St. Louis Archdiocese Reveals That 115 Employees Have Been Accused of Sexual Abuse over Three Decades
By Doug Moore
St. Louis Post-Dispatch
January 3, 2014
Basilica.jpg Morning sunlight bathes the Cathedral Basilica in St. Louis early on Jan. 24, 2013. Photo by Erik M. Lunsford email@example.com
A court filing by the Archdiocese of St. Louis released Friday revealed that 115 employees have been accused of abuse over the last three decades.
The revelation came as the archdiocese succeeded in delaying a judge’s order that the church hand over the names of priests accused of sexual abuse in the past 20 years.
Deep in a court filing of about 400 pages, an exhibit marked “confidential” lists 234 complaints against archdiocese employees dating to 1986. The accusers are identified only by numbers.
The 115 church employees who are targets of the complaints also are referred to by numbers. Some employees, such as No. 1, had one complaint; others had several. Two employees had the most, with 15. The filing doesn’t identify the employees’ positions within the archdiocese.
The archdiocese did not respond directly to the newly disclosed number in a brief statement released to the Post-Dispatch by spokeswoman Angie Shelton.
“The Archdiocese will continue to work within the judicial process toward a resolution to this lawsuit which is rooted in the truth and fairness to all involved,” Shelton wrote in an email.
In the documents filed Thursday evening as part of its appeal and released Friday, the archdiocese marked 40 of the cases “unsubstantiated.”
Survivors Network of those Abused by Priests, a victims’ advocacy group, said 115 was more than double the number of previously known alleged abusers in the archdiocese.
And David Clohessy, director of SNAP, said the continued attempts to withhold the names of priests showed that Archbishop Robert Carlson was not serious about the Roman Catholic Church’s promises of reform.
“It’s disgusting that Carlson talks reform but practices secrecy,” Clohessy said. “It’s very disingenuous to pretend his concern is for victims’ feelings when, like his predecessors, he uses every legal hardball maneuver to fight victims in court.”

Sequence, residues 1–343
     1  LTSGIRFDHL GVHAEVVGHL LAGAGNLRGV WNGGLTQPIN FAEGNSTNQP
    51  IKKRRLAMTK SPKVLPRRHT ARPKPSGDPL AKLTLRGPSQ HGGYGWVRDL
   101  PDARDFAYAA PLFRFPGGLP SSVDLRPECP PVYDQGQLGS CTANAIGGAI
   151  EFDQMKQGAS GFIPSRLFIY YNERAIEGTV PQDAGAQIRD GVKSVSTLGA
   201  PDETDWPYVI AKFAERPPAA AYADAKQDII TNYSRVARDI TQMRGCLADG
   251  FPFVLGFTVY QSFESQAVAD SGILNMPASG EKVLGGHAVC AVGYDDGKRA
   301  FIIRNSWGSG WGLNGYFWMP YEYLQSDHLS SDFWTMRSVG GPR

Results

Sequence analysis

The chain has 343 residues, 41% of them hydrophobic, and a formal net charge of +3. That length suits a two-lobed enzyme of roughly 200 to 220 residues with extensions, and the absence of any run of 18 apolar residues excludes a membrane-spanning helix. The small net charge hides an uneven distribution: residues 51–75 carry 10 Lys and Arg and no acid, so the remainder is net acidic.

The latest court action is part of a civil suit filed against Joseph Ross, the first priest defrocked in the Archdiocese of St. Louis.
The suit also names Carlson and the archdiocese. It was filed in 2011 by a 19-year-old woman. She says Ross began abusing her 16 years ago at St. Cronan’s Church in the city’s Forest Park Southeast neighborhood.
The woman, known only as Jane Doe, and her attorneys had sought the names of all priests in the archdiocese accused of sexual abuse in the past 40 years. A judge eventually reduced it to 20 years.
St. Louis Circuit Judge Robert Dierker had ordered the archdiocese to turn over the names of both the priests and the accusers by the end of the working day Friday.
The archdiocese asked the Missouri Court of Appeals Eastern District to intervene, and within a few hours of Dierker’s deadline, the appeals court ordered Dierker to back down.
“You are ordered to refrain from all action in this case until further notice,” states the order signed by Court of Appeals Judge Glenn A. Norton.
The woman wants to show in her case that there was a pattern by the archdiocese of covering up abuse claims and that church leaders knew that failing to disclose past problems could cause new ones.
Ross had been convicted of sexually assaulting an 11-year-old boy at a parish in University City decades ago.
Ross was sent away for treatment, then reassigned to St. Cronan’s, where he allegedly abused the woman from 1997 to 2001.
Attorneys for the archdiocese argued in their appeal that the information Jane Doe’s attorneys are seeking is “confidential material” and that releasing the names of the accusers “will be harmful to them” based on “unrebutted evidence from expert medical professions” (sic).
Dierker’s order states that the names of the priests and victims would be under seal, given only to the woman and her attorneys to proceed with their case. One of her attorneys, Kenneth Chackes, stressed earlier this week that if the case went to trial, the names of those who filed complaints would not be made public.
Dierker’s order also stressed that neither the plaintiff nor her attorney could directly contact those who filed the complaints. A court-appointed attorney would make the initial contact to see whether victims wanted to cooperate in the case.
Chackes called the archdiocese’s strategy ironic.
“The archdiocese is now arguing for the prevention of harm of the victims of sexual abuse when they had the opportunity to prevent harm by not assigning dangerous priests to another parish after they had abused children in the past,” Chackes said.
Chackes and the other attorneys representing the plaintiff have until Wednesday to respond to the stay issued by the appeals court. The trial date is Feb. 24.
The archdiocese argued in asking for the order, known as a writ of prohibition, that Dierker overstepped his bounds. Specifically, the church argued that the circuit judge’s order seeking the names of those who filed complaints “is pure error and a clear abuse of discretion, exceeds his jurisdiction, and works immediate and irreparable harm.”
Dierker limited his comment Friday to “I just do what my superiors tell me to do.”
It was a much more subdued response than what Dierker wrote in his order issued on Tuesday, when he stated that “the dogged refusal of defendant Archdiocese to comply with the Court’s order ... borders on if not actually amounting to contempt.”
In the archdiocese statement on Friday, Shelton said that Dierker’s order “clearly shows that these are very complicated issues.”